We see that Sparta was not fond of lavish display or an expensive, splendid infrastructure. Neither did they engage in the literary and intellectual pursuits of the Athenians. The strong vision of Sparta was to be the greatest fighting force in Greece, with its society shaped, allegedly by Lycurgus, to that very end; it did not permit of excess, indulgence, anything that distracted the focus of the people. I think the scenario may well have played out as follows. They would have resisted the internet and social media as far as they could, but in the end would felt they had to allow it, but in a strictly controlled way. It would after all have been disastrous had the Helots, their conquered serf-subjects of Messena, had got hold of it first. Had it been accepted in the rest of Greece, they may have felt it was better to keep the enemy close, so to speak. How does all this relate to Sparta’s women? They were essentially the opposite of Athenian women: well-trained athletes (tough men and tough lasses breed tough children, rather than weedy little ladies who sit inside with the knitting), Aristophanes beautifully captures their powerful physiques:
LYSISTRATA: Hello Lampito! Oh! Oh, my great Spartan lady! How positively luscious is your beauty. What a colour what a vigorous, powerful body! Darling, I think you could strangle a bull.
LAMPITO: Sure I could. I exercise regularly.
Aristophanes, Lysistrata, 79-84
One can imagine that had the internet been allowed into Sparta, it could have been used very effectively internally to inspire women competitive sporting engagement, promote a tough ideal woman, maybe even mocking their Athenian counterparts:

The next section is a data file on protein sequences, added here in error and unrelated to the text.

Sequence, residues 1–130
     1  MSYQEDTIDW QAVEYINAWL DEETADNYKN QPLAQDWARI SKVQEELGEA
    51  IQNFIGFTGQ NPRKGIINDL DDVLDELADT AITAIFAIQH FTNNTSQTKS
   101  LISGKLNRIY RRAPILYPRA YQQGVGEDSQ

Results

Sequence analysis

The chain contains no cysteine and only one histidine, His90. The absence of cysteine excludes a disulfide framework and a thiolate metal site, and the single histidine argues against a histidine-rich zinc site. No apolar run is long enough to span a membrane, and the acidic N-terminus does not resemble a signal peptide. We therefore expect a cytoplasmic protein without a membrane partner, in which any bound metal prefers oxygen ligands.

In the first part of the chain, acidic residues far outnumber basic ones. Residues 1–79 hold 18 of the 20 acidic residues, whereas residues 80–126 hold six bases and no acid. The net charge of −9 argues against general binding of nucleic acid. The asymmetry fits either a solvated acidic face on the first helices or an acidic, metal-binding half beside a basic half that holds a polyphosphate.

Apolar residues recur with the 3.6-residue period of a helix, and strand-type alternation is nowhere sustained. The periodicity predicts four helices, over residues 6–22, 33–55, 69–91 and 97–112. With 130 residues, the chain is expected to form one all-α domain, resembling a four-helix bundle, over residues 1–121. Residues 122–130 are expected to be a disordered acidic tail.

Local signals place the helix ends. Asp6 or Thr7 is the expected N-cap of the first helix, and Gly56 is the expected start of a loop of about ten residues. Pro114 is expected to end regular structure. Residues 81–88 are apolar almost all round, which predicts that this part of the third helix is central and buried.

You may well be familiar with this poster, the American call to the work force during the war. This would make a great meme if it could be re-imagined Spartan style. Maybe even exercise regimes to download, or a Spartan workout App?
On a darker note, I can imagine Spartan women potentially being trolled or maligned elsewhere in Greece. They were a bit of an oddball. Aristotle famously criticised their ability to own property, their power, their education. They could well have gained a rather ‘shrewish’ reputation in the rest of Greece. Spartan girls are seen depicted in statues as below:
One can only imagine comments about their short garments compared to their much more covered Athenian counterparts, although Spartan married women wore longer dresses. I think the example of Sparta helps illuminate the blessing and curse aspect of the internet.
Finally, I would like to end this rather self-indulgent exploration with some individuals.
The first is Xanthippe, the rather moody, feisty and hilarious wife of Socrates. She is portrayed as a loyal wife and devoted mother by Xenophon, but she certainly did not just put up with anything. It appears in fact liked her argumentative spirit. She is once reported to have been so enraged with him that she emptied a chamberpot over his head (know the feeling, I felt exactly the same whilst teaching the Phaedo last year). Video on YouTube, or would she have ‘added’ to her story on either Facebook or Instagram?